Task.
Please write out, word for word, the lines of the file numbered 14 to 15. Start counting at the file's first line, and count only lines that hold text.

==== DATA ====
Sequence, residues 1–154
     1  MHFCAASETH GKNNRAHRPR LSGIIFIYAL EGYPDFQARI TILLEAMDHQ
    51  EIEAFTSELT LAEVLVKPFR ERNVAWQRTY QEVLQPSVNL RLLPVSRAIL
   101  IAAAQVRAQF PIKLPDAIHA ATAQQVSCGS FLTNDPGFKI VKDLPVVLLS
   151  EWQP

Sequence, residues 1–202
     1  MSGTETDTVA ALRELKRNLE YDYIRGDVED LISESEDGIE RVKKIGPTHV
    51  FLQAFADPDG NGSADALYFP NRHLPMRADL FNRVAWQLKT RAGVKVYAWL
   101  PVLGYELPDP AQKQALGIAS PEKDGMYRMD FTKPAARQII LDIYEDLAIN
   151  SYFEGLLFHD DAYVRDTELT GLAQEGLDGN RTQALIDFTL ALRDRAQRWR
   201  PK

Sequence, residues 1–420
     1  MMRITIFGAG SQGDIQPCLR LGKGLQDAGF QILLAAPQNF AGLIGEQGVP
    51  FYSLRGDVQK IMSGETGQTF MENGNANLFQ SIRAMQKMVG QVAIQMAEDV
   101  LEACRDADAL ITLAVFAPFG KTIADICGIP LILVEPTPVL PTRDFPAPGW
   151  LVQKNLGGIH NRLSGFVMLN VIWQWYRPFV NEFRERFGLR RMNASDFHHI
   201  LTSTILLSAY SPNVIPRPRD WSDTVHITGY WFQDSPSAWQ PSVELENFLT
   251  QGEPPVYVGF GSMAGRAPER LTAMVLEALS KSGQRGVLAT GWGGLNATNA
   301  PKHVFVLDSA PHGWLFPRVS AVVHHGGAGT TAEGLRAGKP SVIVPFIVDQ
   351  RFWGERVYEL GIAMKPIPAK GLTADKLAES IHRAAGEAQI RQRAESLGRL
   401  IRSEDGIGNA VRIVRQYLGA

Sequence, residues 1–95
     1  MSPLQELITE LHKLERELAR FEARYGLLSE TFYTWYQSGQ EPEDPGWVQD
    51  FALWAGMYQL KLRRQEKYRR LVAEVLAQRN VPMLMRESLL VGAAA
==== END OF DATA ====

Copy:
    51  FYSLRGDVQK IMSGETGQTF MENGNANLFQ SIRAMQKMVG QVAIQMAEDV
   101  LEACRDADAL ITLAVFAPFG KTIADICGIP LILVEPTPVL PTRDFPAPGW